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November 14, 1997     The Message
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November 14, 1997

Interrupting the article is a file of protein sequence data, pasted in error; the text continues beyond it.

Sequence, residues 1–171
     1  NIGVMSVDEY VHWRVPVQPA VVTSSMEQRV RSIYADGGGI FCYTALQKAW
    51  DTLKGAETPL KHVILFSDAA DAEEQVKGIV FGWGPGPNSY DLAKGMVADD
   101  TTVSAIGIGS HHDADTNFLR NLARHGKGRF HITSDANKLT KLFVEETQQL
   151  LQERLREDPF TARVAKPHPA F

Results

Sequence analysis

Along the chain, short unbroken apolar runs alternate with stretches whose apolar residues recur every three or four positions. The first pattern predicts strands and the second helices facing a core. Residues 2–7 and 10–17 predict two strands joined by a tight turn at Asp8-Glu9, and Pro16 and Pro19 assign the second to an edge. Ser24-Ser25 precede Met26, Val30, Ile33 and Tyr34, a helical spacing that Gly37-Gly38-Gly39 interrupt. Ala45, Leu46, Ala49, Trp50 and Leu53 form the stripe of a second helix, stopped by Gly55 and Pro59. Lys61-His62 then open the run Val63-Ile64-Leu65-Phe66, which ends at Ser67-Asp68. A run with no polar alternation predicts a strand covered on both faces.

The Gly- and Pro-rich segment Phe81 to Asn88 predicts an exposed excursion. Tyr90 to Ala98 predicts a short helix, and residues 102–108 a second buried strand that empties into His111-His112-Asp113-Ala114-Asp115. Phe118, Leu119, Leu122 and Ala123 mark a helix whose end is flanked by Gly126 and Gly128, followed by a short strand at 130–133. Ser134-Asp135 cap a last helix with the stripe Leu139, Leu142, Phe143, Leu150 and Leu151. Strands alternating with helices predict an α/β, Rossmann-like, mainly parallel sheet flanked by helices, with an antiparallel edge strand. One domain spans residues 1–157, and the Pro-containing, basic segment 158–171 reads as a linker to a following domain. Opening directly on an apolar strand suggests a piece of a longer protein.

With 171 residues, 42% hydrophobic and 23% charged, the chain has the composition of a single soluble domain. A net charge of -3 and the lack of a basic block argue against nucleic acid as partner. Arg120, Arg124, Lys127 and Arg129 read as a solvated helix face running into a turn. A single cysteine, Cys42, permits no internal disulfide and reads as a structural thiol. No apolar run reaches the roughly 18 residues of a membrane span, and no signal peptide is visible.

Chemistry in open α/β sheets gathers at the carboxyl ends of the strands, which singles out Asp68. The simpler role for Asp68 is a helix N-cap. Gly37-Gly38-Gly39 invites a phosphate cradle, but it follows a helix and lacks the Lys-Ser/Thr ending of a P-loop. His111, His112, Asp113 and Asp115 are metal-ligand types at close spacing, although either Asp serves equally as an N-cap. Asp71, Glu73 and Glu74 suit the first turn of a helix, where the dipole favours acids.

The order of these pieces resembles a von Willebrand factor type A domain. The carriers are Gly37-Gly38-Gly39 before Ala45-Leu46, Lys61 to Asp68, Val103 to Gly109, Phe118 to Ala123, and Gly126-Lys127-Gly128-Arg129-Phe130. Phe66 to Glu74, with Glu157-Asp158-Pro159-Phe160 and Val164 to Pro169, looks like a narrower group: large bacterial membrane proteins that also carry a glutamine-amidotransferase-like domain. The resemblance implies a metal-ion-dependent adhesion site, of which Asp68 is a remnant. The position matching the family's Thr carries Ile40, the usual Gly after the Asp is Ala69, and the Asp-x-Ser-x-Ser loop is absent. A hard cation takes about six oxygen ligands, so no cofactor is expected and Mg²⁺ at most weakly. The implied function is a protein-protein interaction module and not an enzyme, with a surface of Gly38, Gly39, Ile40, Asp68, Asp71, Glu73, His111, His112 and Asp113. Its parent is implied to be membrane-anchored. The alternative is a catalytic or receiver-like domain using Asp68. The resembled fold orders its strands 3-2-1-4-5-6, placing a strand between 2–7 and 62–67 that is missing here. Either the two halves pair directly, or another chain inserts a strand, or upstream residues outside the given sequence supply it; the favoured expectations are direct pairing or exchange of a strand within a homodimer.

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The Message -- for Catholics of Southwestern Indiana November I CC urges governor to halt Burris execu IB Arch vishop Daniel M. Buecil- lein of indianaooh, WhO is the Genera', Chairman of the indi- ana Catholi: Conrerences Board of Directors. urged indi- ana Governor Frank O'Bannon to halt th execunoi of Gary Bums and commute his death sentence to life m prison with- out parole in a Nov. 8 letter to the governor. The archbishop's letter, writ- ten on behalf of the ICC Board of Directors, expressed a deep regret for the Indiana Parole Board's decision against rec- ommending clemency for Bur- ris, who was sentenced to death for the murder of Ken- neth Chambers. "As Catholics who follow Jesus Christ and his Gospel of Life, we believe that capital punishment perpetuates the cvcle of violence and under- mines the respect for life. We need to look to the example of Jesus who forgave those who put him to death. The life and teachings of Jesus call Christians to live lives of forgiveness," said Archbishop Buechlein. His letter went on to explain that the Catholic Church's opposition to the death penalty does not stem exciusiveiv from theological concerns. Many thoughtful people have com, to oppose the death penalty for a variety of reasons: It does not effectively deter serious crime in our nation. It does not alleviate the fear of violent crime or better safeguard the people. It fails to protect more effectively than alternatives such as life imprisonment with- out parole. * It does not restore the social order breached by the offenders. It is often imposed unfairly, falling disproportionately on racial and ethnic minorities and the poor.. It is not imposed in a way that prevents the execution of possibly innocent people. It is financially more costlv to our society to impose the death penalty than is life imprisonment. The Board of the Indiana Catholic Conference affirms the inherent dignity of all peo- ple because it believes all peo- pie are called into life bearing the image and likeness of God. The Indiana Catholic Confer- ence. the public policy voice of the Catholic Church in Indiana representing more than 700,000 Catholics, strongly reiterated its opposition to the death penalty in its statement Choose Life, released in Dec. 1996. In part, the letter to the gov- ernor stated: "The effects of violent crimes upon people are easily seen, and we share their fear at the increase in crime. We are trou- bled by the fact that little or no attention is directed to the needs of victims and their loved ones, and we believe that society must find ways to sup- port them, compensate them, and help them heal. "Our parishes have under- taken efforts to prevent vio- lence and promote reconcilia- tion and healing. Contrast those real actions with the reality of the death penalty, which allows no opportunities for reconciliation. In addition, the long process between con- viction and execution does lit- Religious women seek end to Religious communities of ernor Frank O'Bannon to commute the sentence from death to life in prison without the Burris is scheduled to die by lethal injection 20. He was convicted in 1980 of killing Kenneth W. a taxicab driver in Indianapolis. Participating religious communities Charity in Evansville and the Sisters of St. nand. Other communities throughout Indiana Carmelite Monastery of Indianapolis, sionary Sisters in Huntington, Poor l in Donaldson, Sisters of the Holy of St. Benedict at Beech Grove, Sisters of St. burg, Sisters of St. Joseph in Tipton, Sisters of St. Third Order of St. Francis, and the Sisters Mary-of-the-Woods. "As women of faith, we believe we are I not to kill; to forgive one another, not to seek vengeance and further violence Sister Diane Ris, general superior of the Sisters St. Mary-of-the-Woods. "We degrades and t fore, we oppose the use of capital punishment tle to foster healing for the vic- tims and loved ones and may, in fact, exacerbate their pain." Burris' execution is sched- uled to take place at the Indi- ana State Prison located in Michigan City on Thurs., Nov. 20, at midnight. For copies of the indiana Conference' s Choose contact the ICC diocesan tor, Judy Neff(8 mail NCCB Continued from page 1 national collection and the Office to Aid the Catholic Church in Central and Eastern Europe. Only a three-year exten- sion had been requested. The bishops' Ad Hoc Com- mittee to Oversee the Use of the Catechism got approval for a five-year extension of its nation- al staff office for the catechism. The office coordinates a wide range of projects dealing with implementation of the "Cate- chism of the Catholic Church." Getting a first look Nov. 10 was the proposed text of the first official Spanish-language Sacra- mentary for the United States. The Sacramentary is the book of prayers used at Mass. Until now, because there was no U.S. Sacra- mentary in Spanish, U.S. parishes have been able to choose from among several Spanish Sacra- mentaries approved by other bish- ops' conferences. The proposed U.S. text is based primarily on the Sacramentary developed by the bishops of Mexico. Dubois County Right to Life supports chastity-based program GLEN STURM AND CHERYL ADKINS The newly-formed Dubois County Peers Educating Peers program (PEP) has received a $1,000 donation from Dubois County Right to Life. Cheryl Adkins is the PEP coordinator; Glen Sturm represents Right to Life. PEP, a chastity-based pro- gram, is being introduced into Dubois County schools this year. High school peer mentors present a series of topics to par- ticipating middle school stu- dents. The program is designed to help adolescents in under- standing human sexuality while promoting the values of saving sexual involvement for mar- riage. "PEP is the best vehicle to help our local young people understand that chastity remains the most beneficial and responsible choice for them, and that they are not alone in their decision-making as our area has role models willing to share their own choice," Sturm said. "It is a proven program in use in other areas, and that is why Dubois County Right to Life is thrilled to have this program in our area, and why we want the community to know we sup- port such wholesome efforts." In the field of liturgy, the bish- ops were also scheduled to dis- cuss a proposal to transfer obser- vance of the feast of the Ascension to the Seventh Sun- day after Easter, as is done in a number of other countries. But a planned vote on the matter was removed from the agenda. Most U.S. bishops favored transferring the observance of Ascension to Sunday when the issue came to a vote in 1991, but the proposal did not achieve the two-thirds approval needed for passage. On another liturgical matter, the bishops approved English Mass prayers for the observance of the feast of St. Louis Mary de Mont- fort, following up on a 1996 Vati- can decision to add his feast, as an optional memorial, to the church's general liturgical calendar. A proposed second volume of a new English-language Lec- tionary for U.S. use, originally slated to come to a vote this November, has until the bishops next June because torial work on the could not be for the fal Later in t mittee on to ask the bishops to Strategic Plan for tions that would their Catholic Campaign and national ning and activi five years. The plan projects of national communications $3.3 million in 1 million in 2001. They were asked to budget of nearly for ities in 1998, $1 than the 1997 budget. $10 million is to diocesan Christmas memories requested from Message Do you have a favorite Christ- mas memory? Would you like to share it with the Message? Readers are invited to submit their favorite memories for pub- lication in the December 19 issue of the Message. Favorite memories might include a child's first Christmas, a couple's first married Christ- mas, families gathered together at Christmas, or special unex- pected gifts. If you special along with your phone number to: Hughes, The 4169, Evansville The deadline Paul E. lI2W.'